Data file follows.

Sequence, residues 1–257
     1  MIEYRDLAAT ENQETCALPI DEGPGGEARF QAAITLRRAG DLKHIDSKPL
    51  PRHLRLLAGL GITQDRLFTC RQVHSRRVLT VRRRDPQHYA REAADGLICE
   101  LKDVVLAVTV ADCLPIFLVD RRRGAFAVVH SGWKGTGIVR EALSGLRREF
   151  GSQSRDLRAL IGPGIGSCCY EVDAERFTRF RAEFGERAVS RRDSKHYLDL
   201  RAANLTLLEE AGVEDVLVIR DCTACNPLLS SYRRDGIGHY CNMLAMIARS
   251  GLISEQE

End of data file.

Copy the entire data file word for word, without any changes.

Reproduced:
Sequence, residues 1–257
     1  MIEYRDLAAT ENQETCALPI DEGPGGEARF QAAITLRRAG DLKHIDSKPL
    51  PRHLRLLAGL GITQDRLFTC RQVHSRRVLT VRRRDPQHYA REAADGLICE
   101  LKDVVLAVTV ADCLPIFLVD RRRGAFAVVH SGWKGTGIVR EALSGLRREF
   151  GSQSRDLRAL IGPGIGSCCY EVDAERFTRF RAEFGERAVS RRDSKHYLDL
   201  RAANLTLLEE AGVEDVLVIR DCTACNPLLS SYRRDGIGHY CNMLAMIARS
   251  GLISEQE